• Failure to implement a Prevention Program
  • If a CalARP program element is found to be inadequate and attributable to the cause of the incident
  • If an audit determines that CalARP program prevention elements is missing completely or significantly enough to render it ineffective
  • No incident investigation conducted for significant release
  • Process Hazard Review (PHA) or Hazard Review not complete, updated, or revalidated every 5 years as required
  • Failure to have compliance audit completed as required by frequency
  • Any violation linked to an immediate and credible threat to human health or the environment
  • Failure to submit in CERS and/or implement a business plan annually
  • Failure of the owner/operator to correct deficiencies or Return to Compliance (RTC) found from an inspection/audit during the specified time frame
  • Repeated violations of a Class 2 violation

Class 2 Violation is the second highest class of violation. Characteristics of Class 2 Violations are:

  • Diversions from a regulatory requirement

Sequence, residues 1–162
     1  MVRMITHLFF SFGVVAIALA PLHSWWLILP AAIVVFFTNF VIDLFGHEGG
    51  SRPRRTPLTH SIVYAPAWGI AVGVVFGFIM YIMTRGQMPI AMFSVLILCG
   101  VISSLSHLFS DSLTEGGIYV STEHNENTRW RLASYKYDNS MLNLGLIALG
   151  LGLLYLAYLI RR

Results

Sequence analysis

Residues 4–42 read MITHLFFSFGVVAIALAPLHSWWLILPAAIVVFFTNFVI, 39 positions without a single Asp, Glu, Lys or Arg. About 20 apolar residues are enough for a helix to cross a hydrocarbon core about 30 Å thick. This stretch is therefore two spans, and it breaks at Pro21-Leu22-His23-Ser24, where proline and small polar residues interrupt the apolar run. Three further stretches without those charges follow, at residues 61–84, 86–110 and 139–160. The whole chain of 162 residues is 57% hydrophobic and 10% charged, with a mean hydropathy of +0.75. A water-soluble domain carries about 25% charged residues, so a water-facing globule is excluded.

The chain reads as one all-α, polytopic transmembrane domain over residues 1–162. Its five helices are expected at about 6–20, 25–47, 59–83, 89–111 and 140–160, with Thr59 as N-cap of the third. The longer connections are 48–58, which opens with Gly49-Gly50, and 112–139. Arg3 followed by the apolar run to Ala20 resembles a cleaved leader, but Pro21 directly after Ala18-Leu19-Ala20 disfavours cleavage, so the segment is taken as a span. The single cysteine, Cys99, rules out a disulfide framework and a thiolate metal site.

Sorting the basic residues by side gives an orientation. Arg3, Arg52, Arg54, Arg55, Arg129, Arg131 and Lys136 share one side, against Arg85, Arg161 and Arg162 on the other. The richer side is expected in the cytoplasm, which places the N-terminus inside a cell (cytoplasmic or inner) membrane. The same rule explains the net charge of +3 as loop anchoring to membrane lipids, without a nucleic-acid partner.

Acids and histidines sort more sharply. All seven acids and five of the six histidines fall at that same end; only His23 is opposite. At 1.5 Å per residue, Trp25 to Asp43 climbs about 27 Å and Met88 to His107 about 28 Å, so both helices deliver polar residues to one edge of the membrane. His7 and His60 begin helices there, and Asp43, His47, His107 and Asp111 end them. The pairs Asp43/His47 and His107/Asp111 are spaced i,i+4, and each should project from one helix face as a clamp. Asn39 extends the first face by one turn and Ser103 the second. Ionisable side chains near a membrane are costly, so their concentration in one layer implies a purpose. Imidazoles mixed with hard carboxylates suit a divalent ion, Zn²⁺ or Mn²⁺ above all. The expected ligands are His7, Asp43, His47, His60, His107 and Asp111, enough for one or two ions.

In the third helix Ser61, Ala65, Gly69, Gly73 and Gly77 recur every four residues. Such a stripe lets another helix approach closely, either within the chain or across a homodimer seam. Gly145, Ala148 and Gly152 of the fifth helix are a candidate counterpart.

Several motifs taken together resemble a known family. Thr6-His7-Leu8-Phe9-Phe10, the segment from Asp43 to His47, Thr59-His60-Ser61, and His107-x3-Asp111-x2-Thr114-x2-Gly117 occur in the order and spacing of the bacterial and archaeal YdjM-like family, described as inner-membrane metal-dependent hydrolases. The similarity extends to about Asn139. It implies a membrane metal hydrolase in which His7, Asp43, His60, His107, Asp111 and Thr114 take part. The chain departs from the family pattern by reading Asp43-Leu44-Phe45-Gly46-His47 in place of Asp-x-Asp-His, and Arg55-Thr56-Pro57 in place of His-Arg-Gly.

• RMP not updated within 6 months of an accidental release
  • Failure of the owner/operator to revise/correct/update the RMP 30 days after a CUPA inspection/audit where the inspection report identified a necessary revision or update
  • Accidental releases directly related to circumstances beyond the businesses control

Only businesses placed into an annual or biennial inspection frequency due to handling extremely or moderately hazardous materials are eligible for the PIP. The eligibility requirements for those businesses are as follows:

  • Have an active and valid operating permit on file with KCEH – CUPA.
  • Have a current and complete Hazardous Materials Business Plan submission in CERS.
  • Must be inspected on an annual or biennial inspection frequency due to a moderately hazardous or extremely hazardous material being handled by the business (based on the original determined program element).
  • Must have received a qualifying score of 95% or higher on the most recent routine inspection of all program elements.
  • Must apply and submit the required application by deadline to participate.